Sometimes, people aren’t the best about keeping up with old friends and coworkers. That includes the folks we often dubbed “battle buddies” when we served together in the Department of Defense, either in uniform or as civilians.
People retire, move to new jobs, relocate. “Let’s stay in touch” is commonly said and just as often forgotten in the ensuing crush of day-to-day life. Social media makes it somewhat easier to keep up with old friends, but not always.
Sometimes, moments of concern or crisis spur a reconnection.
Such was the case with my old friend, coworker and fellow Air Force veteran Elias (Eli) Hall, with whom I worked for nearly 17 years at Fort A.P. Hill in Caroline County. Eli oversaw the installation’s information management office, even though he always used to call himself “just an old Air Force telephone guy.”
We left our jobs around the same time. Eli retired to his sheep farm in Louisa County, a nice spread with a beautiful pond loaded with bass and panfish. He loves fishing the pond with his grandson, an Army veteran.
Just before Christmas last year, word came from another former coworker that Eli was in rough shape, his failing heart needing immediate bypass surgery. I called him just before the surgery.
I don’t know if the ability to talk with someone you haven’t seen in a few years and quickly pick up like you saw each other yesterday is unique to people who have worked together in a military setting or if it is a more universal phenomenon, but we were soon gabbing effortlessly. It was clear his health situation was dire and uncertain.
Once we got that out of the way, I switched the conversation. “You’ve got this. Heal quickly and fully; then, let’s plan a nice, laid-back early spring fishing trip,” I said.
Having something to look forward to, whether it is quality time with family, traveling or even fishing, is said to have therapeutic value. Hope can help a person work through pain and hardship. Recovering from heart surgery was going to be no picnic. Every little incentive might help.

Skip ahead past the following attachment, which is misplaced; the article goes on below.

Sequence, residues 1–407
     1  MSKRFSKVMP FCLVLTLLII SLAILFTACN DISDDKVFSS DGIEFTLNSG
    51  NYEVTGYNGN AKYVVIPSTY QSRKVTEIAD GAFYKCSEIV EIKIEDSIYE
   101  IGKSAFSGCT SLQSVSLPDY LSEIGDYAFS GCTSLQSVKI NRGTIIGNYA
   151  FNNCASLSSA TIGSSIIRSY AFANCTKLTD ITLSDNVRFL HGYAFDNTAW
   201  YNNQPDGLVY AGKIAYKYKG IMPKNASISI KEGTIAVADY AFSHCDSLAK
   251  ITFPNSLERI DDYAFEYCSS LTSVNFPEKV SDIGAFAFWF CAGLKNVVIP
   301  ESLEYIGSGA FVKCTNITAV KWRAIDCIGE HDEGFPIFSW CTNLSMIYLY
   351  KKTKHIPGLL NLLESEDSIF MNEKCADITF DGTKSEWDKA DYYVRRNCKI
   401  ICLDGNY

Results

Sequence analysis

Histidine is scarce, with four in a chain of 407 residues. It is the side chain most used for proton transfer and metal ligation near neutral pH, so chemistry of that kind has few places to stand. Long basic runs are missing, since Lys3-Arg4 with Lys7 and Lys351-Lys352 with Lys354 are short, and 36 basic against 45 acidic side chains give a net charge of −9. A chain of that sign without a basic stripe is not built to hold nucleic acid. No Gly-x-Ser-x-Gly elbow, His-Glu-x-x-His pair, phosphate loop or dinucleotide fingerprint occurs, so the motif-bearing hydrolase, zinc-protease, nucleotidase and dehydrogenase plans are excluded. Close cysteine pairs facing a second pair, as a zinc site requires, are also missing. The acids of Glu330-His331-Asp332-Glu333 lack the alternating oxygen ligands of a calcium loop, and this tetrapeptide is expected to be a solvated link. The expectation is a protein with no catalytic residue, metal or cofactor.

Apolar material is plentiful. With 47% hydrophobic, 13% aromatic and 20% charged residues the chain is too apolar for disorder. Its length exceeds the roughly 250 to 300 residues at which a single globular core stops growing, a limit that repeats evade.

The surgery was completed but severe, life-threatening complications from blood clots surfaced 12 days later. For a while, things looked less than optimistic. A prolonged, intensive-care recovery began.
When we next spoke, he shared that one of his medical implants to deal with the clots reminded him of a miniature sabiki rig, that small multi-hook set up designed to catch multiple baitfish. Actually, he was referencing an “umbrella rig” and even text-messaged me an image of a YUM Yumbrella Flash Mob Junior rig to show what he meant. Regardless, it’s not something I’d want imbedded in my vital organs.
The fishing trip remained on the docket. Over the next few weeks, I texted Eli trail camera photos of deer and photos of my dog Jameson with ducks. Eli’s expected lengthy hospital stay was shortened when a consultation with a new physician yielded a treatment plan that soon reversed his situation’s course.
Weeks of home recovery were needed before any fishing could be considered. But by the end of April, it was time to get something scheduled.
It was good to see the old boy, looking trim but impacted by the ordeal, pulling his truck into my driveway. The boat was hooked up, the nightcrawlers were lively, and the weather was beautiful.
We launched and set out on precisely the relaxing fishing trip we planned. We drifted those nightcrawlers under bobbers in the Rappahannock River.
For me, there has always been something meditative about executing a cast and then just watching the bobber, waiting for something to tug it under the surface. Is there any true fisherman who still doesn’t get that 5-year-old’s sense of glee when the bobber goes down?
You can catch almost anything fishing this way. I’ve caught white perch, small bass and crappie, but catfish are the typical takers. They didn’t disappoint. A handful of channel cats were mixed in with the blues. Many of the fish were in the early stages of spawning and they were healthy and hungry.
Eli was amazed.
“I thought you could only catch catfish on a tight line and usually fishing at night,” he said. “This is fun!”
When we first got on the water, he said he really needed to leave by noon due to pressing things back at the farm. Noon came and he said, “Maybe another 15 minutes.” A fish bit at 12:30 and it was, “Maybe we can give it a half-hour.” Slack tide arrived and the bite stopped. It was time to head in.
We filleted the fish on my porch, with me using my Smith’s Mr. Crappie Slab-O-Matic electric knife to make quick work of the job.
Eli said he had always skinned his catfish, a process that takes considerably longer.
“I’ll have to get one of those,” he noted. Sometimes, you can teach an old dog some new tricks.
Eli stopped on his way home to get some Louisiana Fish Fry Seafood Breading Mix to use on the catfish fillets he was going to air fry that evening. “Excellent meal!” came the early evening text message.
Sometimes, a fishing trip may be just what the doctor ordered.